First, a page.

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January 5, 2013 / Bill Thompson

Oliver John vs. Timothy Thatcher from All Pro Wrestling 2013

Post Bill Thompson:

Twitter: @MOTYPod

I came away from this match feeling conflicted, or perhaps a more accurate word would be introspective. I’m human, and that means that like any pro wrestling fan I have formed certain biases when it comes to what I like in pro wrestling. There’s a reason that Timothy Thatcher has risen to be perhaps my favorite wrestler of all time. He does all the little things that I look for in a pro wrestling match and in a professional wrestler. That being said, his match against Oliver John called into question just what it is I look for in a pro wrestling match.

The opening two or so minutes are classic build stuff, the sort that comes straight out of Memphis. John and Thatcher circle one another and tease locking up multiple times. They build to the moment when they truly lock up, and John even uses old school Memphis stalling to get the crowd more heated than they already are. The false lockups are so freaking great, as they play into the personas of both wrestlers while at the same time manipulating the audience to the nth degree. When the lockup finally comes I couldn’t wait for what I was about to see. But, a wrench was tossed into the mix as I got the opposite of what I expected.

When you tell me that Timothy Thatcher is wrestling Oliver John I have this idea in my head of tremendous hold for hold wrestling, a catch-as-catch can masterpiece if you will. Transitions galore and back and forth counter wrestling race through my mind. Imagine my surprise when John latched into a Side Headlock and refused to let go for neigh on twelve minutes. You read that right, it’s not a typo. John grabbed a Side Headlock and he refused to let go of said Side Headlock for nearly twelve minutes. When the hold was finally broken the match ended on a Backslide mere seconds later.

How am I supposed to read such a match? What should my takeaway be from a match that is all about a Side Headlock and a flash finish? I wasn’t sure how to answer those questions so I took some time to think about this match. The more my crazy brain worked the more I realized that what I had watched was simple perfection. John grabbed a hold, Thatcher struggled to get out of the hold, and the audience, as well as myself, was captivated the entire time. Every attempted counter from Thatcher appeared as if it would be the one. The struggle to get free and the struggle to maintain the hold came across crystal clear. From a technical standpoint I’m not sure if I have ever seen a better match than John versus Thatcher.

That brings us to the issue of story, because really, how much story can be told in a match where twelve of the fifteen minutes are spent in a Side Headlock? The answer is more story than one can shake a stick at, which happens to be a lot of story. Will power is at play in this match, the battle of wills being that of John keeping the Side Headlock locked in and Thatcher escaping from the hold. Within that easy framework both men craft a highly compelling story. Thatcher really makes John work to keep the Side Headlock in place. Conversely John makes Thatcher put in lots of effort to try and break free. There is a massive struggle taking place in this match, so much so that a Side Headlock comes to be more than just a Side Headlock. It’s the fulcrum by which the power in the match will swing. It’s very simple really, if John maintains the Side Headlock he will win, if he doesn’t, he will lose and rather quickly.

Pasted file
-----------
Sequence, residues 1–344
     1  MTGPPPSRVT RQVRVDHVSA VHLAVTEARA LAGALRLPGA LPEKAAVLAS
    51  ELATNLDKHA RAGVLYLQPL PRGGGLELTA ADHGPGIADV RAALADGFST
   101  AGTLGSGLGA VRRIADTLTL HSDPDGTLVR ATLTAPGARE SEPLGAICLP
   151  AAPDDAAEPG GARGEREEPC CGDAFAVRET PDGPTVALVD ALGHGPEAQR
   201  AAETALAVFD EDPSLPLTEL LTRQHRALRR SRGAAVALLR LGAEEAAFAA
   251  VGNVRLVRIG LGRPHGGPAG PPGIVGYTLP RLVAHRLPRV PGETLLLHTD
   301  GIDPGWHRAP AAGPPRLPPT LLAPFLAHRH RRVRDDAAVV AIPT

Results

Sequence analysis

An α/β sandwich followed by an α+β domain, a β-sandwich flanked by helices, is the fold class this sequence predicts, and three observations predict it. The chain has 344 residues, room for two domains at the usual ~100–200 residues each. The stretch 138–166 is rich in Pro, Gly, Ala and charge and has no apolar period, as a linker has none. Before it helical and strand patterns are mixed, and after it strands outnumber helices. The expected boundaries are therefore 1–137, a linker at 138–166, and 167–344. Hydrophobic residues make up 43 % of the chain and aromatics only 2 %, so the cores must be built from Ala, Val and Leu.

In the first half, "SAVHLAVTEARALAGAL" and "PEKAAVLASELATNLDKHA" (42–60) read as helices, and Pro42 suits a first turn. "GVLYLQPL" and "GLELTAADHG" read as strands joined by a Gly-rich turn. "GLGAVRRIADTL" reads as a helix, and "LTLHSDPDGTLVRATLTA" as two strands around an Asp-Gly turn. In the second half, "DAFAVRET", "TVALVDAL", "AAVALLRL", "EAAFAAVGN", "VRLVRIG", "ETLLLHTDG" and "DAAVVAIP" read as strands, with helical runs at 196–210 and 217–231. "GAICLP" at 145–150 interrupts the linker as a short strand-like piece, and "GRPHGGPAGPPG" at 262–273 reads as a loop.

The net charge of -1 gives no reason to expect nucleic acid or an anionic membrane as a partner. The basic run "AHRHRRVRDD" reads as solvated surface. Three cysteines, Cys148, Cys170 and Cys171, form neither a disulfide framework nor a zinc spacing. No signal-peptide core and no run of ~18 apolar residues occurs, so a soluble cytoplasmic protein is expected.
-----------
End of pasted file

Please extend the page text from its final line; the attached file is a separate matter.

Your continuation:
The key to the way they work the Side Headlock is that Thatcher doesn’t simply sit in a Side Headlock for twelve minutes. He’s constantly in motion, trying Forearm shots to the ribs, Backdrop Suplexes, leg based reversals, and so on and so forth. John is just as active, switching up his positioning, using his weight, rotating to stop counter attempts, etc. John and Thatcher manage to make a Side Headlock into an action move, and I applaud their efforts in that regard.

People’s mileage will vary when it comes to this match. I have no issue touting it as pretty much a perfect wrestling match. All the same there are those who will find the extended use of a Side Headlock boring. Those people are entitled to their opinion, but I say phooey to thinking that way. John and Thatcher manage to make a twelve minute Side Headlock sequence compelling, engaging, action packed, and a strong storytelling device. I know what I like in my pro wrestling, and I’m always adding new things that I like. This match is pro wrestling that I like, in fact love, and it’s pro wrestling that every pro wrestling fan should take the time to seek out and like.

Bill Thompson


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